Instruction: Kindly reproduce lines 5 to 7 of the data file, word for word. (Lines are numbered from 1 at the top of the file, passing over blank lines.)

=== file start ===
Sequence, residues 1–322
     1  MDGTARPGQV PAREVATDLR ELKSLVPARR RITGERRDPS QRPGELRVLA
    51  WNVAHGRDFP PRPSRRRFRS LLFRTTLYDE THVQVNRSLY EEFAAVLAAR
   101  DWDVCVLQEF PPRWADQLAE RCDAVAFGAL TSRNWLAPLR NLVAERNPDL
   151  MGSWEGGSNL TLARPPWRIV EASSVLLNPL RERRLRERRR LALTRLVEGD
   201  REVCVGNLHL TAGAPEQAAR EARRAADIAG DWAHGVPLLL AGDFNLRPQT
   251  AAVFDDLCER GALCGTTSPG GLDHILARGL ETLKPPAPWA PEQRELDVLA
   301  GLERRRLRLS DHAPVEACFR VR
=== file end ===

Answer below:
   151  MGSWEGGSNL TLARPPWRIV EASSVLLNPL RERRLRERRR LALTRLVEGD
   201  REVCVGNLHL TAGAPEQAAR EARRAADIAG DWAHGVPLLL AGDFNLRPQT
   251  AAVFDDLCER GALCGTTSPG GLDHILARGL ETLKPPAPWA PEQRELDVLA